Well, that'll do it for the 2011 Philadelphia Eagles. Another blown fourth-quarter lead at home to a team they should have beaten. Sunday's loss to the John Skelton Arizona Cardinals was their worst yet, and it dropped their record to 3-6. You don't fall apart and lose to the Cardinals at home and rebound to make the playoffs. Not when so much has already gone wrong and you arrived at the must-win-every-game portion of your season three weeks ago. The Eagles are going to have to win every one of their remaining seven games just to have a chance to make the postseason, and the problem with that is that they're just not very good at winning games.
No team loses games the way the Eagles do. In some ways, no team ever has. Shortly after the game ended, Reuben Frank of CSN Philadelphia tweeted that the Eagles had just become the first team in NFL history to blow four fourth-quarter leads at home in a single season. And if that sounds incredible on its own, add in the fact that Sunday's was just the Eagles' fifth home game of the year. They've led in the fourth quarter of every home game they've played this year and are 1-4 at Lincoln Financial Field.
Nine games into a season that packed so much promise, the thing at which the Eagles seem best -- the one thing at which they truly seem to excel, on a historic level -- is losing. For all of the glittering resumes, big contracts and loud fanfare that accompanied the very good-looking pieces of this roster into town, the 2011 Philadelphia Eagles are going to go down in history as a bunch of losers.
You want to talk about the particulars of this latest rotten day? OK. It started before most of us were awake with the news that wide receiver DeSean Jackson would miss the game because he missed a Saturday team meeting. Jackson was ruled inactive for the game and, according to his spokesman, ordered to stay home, which apparently aggravated him. The statement Jackson's spokesman released during the game called the stay-home order "totally inappropriate" and labeled it part of the team's ongoing contract dispute with Jackson. Maybe true, but the core issue is that Jackson missed a meeting at a critical time of the season, and winners don't do that.
So that's what was going on before Michael Vick even took the field for one of the worst games of his career. With Jackson watching on TV at home, Vick threw two interceptions, had one overturned on replay and another called back for holding. He averaged 3.8 yards per pass attempt and never looked right. It's entirely possible he was affected by Jackson's absence and the in-game injuries that limited Jeremy Maclin. But if that's the case, it's an indictment of Vick himself. The Eagles have plenty of offensive weapons -- certainly enough with which to beat the Cardinals -- and even if it meant constant dump-offs to LeSean McCoy and Brent Celek, Vick should have been able to make it work.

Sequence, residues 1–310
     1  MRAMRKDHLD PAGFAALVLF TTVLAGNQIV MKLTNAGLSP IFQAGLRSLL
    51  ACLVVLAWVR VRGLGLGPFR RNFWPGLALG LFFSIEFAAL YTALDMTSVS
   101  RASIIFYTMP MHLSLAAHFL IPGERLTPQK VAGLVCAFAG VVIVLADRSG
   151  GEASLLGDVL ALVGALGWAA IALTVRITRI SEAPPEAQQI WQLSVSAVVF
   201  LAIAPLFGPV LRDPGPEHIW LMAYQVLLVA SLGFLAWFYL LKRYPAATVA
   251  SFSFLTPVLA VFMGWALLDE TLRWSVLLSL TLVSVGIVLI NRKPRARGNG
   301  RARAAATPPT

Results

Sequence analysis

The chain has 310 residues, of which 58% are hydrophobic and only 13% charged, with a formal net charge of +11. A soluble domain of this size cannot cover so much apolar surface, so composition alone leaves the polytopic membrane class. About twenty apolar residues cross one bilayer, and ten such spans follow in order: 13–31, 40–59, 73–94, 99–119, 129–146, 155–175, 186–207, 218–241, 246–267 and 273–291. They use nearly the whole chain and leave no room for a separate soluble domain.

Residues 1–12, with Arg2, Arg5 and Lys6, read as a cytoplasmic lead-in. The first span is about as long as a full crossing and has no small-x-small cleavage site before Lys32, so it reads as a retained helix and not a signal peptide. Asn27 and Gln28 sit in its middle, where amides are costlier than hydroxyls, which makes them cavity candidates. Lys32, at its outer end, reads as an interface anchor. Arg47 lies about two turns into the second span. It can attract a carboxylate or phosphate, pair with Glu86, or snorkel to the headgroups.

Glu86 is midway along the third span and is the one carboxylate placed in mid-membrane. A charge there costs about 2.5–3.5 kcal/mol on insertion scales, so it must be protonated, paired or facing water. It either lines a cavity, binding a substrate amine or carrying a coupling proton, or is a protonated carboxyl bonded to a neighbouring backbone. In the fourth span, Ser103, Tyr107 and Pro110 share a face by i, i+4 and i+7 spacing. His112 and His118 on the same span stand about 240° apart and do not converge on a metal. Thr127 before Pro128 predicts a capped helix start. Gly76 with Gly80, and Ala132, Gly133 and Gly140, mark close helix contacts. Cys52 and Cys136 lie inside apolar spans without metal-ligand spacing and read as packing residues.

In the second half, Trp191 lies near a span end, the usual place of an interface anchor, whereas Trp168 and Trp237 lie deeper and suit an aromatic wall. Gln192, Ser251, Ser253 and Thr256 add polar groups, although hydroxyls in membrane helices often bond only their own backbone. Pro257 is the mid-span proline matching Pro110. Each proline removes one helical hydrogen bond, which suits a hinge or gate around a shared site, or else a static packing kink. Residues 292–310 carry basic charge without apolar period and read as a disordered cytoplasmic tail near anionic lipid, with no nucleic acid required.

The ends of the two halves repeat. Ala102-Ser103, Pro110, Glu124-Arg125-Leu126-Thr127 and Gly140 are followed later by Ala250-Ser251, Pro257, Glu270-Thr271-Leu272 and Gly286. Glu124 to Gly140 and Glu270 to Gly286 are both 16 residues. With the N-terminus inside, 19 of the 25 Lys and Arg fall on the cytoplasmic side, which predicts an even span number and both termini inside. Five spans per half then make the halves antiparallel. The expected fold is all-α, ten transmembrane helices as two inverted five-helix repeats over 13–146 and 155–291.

In the end, he didn't. Not when it counted. Not in the fourth quarter, when games are won and lost and quarterbacks forge their legacies. Not once this year has Vick led the Eagles to a fourth-quarter comeback. Not once has he toughened up when it mattered most and delivered the kind of clutch plays or throws that Eli Manning or even Tony Romo have in their teams' big wins. Vick has been handed the keys to this franchise, and he keeps finding ways to stall out on the final lap while the John Skeltons of the world drive right past him.
And he's not alone. The same thing can be said of the Eagles' defense. Not once this year has the Eagles' defense made a big stop on an opponent's would-be game-winning fourth-quarter drive. The receiver always gets behind the cornerback -- or is given too much room to make the catch. The Eagles never snag the key turnover the way their opponents always seem to. I and others wrote last week that the Eagles aren't tough enough, on either side of the ball. They snapped back, vigorously denying accusations that they were "soft." But then, provided with a perfect opportunity to prove themselves right and all of the rest of us wrong, they failed again. As they always do.
People want heads to roll, and maybe some will. Maybe Juan Castillo can't survive as defensive coordinator. Maybe Jackson's out the door after this year. (Maybe he was anyway.) But the wholesale changes for which the fans clamor remain unlikely. Andy Reid isn't going anywhere. Vick isn't going anywhere. The so-far-disappointing Nnamdi Asomugha isn't going anywhere. The only good news for all of these guys is that it appears their offseason is going to be very long, and offer them ample time to reflect on the many, many things they did wrong to cost themselves their dream season.
When the Eagles look back on this season, they're going to see a lot of opportunities to make the big play, to prove their toughness, to establish themselves as winners and not losers. And in nearly every single case, they're going to see that they let those opportunities slip away. That will be their punishment for this inexcusable mess of a season, and it will have been well earned.